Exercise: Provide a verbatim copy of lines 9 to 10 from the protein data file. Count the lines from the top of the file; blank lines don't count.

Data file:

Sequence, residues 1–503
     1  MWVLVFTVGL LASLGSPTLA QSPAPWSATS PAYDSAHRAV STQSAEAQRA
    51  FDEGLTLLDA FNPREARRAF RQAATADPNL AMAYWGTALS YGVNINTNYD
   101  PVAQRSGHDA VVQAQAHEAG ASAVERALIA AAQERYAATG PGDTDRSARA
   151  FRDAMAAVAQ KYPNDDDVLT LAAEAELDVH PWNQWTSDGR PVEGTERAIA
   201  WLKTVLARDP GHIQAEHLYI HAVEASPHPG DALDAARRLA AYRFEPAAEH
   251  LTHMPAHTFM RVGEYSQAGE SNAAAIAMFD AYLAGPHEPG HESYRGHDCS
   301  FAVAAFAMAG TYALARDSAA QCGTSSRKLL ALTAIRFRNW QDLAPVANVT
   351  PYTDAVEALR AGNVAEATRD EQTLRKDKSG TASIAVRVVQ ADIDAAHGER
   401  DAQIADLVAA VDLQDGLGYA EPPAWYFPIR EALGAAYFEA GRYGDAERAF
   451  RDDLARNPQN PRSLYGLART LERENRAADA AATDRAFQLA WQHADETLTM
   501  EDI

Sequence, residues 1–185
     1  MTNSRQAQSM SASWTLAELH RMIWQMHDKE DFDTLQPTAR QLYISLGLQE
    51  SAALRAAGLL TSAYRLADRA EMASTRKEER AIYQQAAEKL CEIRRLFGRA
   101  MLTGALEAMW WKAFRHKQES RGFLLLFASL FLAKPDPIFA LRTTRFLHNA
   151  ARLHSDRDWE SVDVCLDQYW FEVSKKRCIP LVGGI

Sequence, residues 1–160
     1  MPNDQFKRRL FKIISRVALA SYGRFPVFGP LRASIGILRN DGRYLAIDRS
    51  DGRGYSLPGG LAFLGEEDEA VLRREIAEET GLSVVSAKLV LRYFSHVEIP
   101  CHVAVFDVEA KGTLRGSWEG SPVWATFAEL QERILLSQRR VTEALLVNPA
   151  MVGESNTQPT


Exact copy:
   351  PYTDAVEALR AGNVAEATRD EQTLRKDKSG TASIAVRVVQ ADIDAAHGER
   401  DAQIADLVAA VDLQDGLGYA EPPAWYFPIR EALGAAYFEA GRYGDAERAF